Cross-cultural Perspectives on Parliamentary Discourse

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Paul Bayley
John Benjamins Publishing, Jan 1, 2004 - Political Science - 384 pages
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The activity of parliaments is largely linguistic activity: they produce talk and they produce texts. Broadly speaking, the objectives that this discourse aims to satisfy are similar all over the world: to legitimate or contest legislation, to represent diverse interests, to scrutinise the activity of government, to influence opinion and to recruit and promote political actors. But the discourse of different national parliaments is subject to variation, at all linguistic levels, on the basis of history, cultural specificity, and political culture in particular. Through the use of various analytical tools of functional linguistics, this volume seeks to provide explanatory analyses of parliamentary discourse in different countries Britain, Germany, Italy, Mexico, Spain, Sweden and the United States and to explore its peculiarities. Each chapter outlines a particular methodological framework and its application to instances of parliamentary discourse on important issues such as war, European integration, impeachment and immigration.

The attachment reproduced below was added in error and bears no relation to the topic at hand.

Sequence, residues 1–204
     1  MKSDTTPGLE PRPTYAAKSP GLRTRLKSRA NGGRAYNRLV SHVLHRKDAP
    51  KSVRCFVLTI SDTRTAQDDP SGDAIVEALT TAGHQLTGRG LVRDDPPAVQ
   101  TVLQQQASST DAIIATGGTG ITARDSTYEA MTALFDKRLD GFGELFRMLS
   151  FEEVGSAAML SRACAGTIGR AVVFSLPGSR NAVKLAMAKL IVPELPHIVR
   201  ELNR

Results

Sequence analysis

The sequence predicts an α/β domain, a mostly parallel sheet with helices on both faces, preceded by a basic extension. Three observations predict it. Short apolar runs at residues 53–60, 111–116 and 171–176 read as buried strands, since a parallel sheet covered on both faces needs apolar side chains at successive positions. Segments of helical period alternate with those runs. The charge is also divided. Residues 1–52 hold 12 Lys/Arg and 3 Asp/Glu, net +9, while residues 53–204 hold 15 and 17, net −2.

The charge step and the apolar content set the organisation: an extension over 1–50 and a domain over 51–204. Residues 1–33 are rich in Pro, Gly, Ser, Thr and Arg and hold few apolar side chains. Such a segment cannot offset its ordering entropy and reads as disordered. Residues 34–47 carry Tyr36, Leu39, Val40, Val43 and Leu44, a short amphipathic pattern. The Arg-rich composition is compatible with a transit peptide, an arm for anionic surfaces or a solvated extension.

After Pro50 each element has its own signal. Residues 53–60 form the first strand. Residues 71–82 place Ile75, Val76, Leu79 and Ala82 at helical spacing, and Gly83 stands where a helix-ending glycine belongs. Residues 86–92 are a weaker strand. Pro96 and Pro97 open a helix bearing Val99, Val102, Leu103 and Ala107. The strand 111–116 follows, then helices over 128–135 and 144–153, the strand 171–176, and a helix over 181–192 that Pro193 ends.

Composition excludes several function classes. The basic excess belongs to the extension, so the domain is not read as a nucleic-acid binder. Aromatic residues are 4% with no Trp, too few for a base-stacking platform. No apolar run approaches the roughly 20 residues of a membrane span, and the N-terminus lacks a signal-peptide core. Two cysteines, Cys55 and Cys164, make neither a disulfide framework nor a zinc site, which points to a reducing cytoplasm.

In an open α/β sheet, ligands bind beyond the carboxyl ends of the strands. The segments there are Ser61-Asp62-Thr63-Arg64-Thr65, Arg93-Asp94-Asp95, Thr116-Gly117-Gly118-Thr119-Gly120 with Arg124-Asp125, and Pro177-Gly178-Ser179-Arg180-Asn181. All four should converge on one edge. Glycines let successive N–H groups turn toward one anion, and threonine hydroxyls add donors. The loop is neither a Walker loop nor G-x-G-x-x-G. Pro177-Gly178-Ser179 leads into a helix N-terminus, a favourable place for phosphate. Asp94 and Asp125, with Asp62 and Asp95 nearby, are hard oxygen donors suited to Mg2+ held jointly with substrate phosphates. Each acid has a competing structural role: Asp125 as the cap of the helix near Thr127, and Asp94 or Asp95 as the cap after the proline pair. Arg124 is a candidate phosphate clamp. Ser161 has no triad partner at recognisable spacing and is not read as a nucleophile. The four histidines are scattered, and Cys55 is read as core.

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Contents

The whys and wherefores of analysing parliamentary
1
Insulting as unparliamentary practice in the British and Swedish
45
Interruptions in British and Italian
87
Consent and dissent in British and Italian parliamentary debates
111
Legitimising and informative discourse in the Kosovo debates in
151
Threat and fear in parliamentary debates in Britain Germany and Italy
185
Ways of talking about work in parliamentary discourse in Britain
237
The APPRAISAL SYSTEM
271
Mapping histories
301
Text and context of parliamentary debates
339
Author index
373
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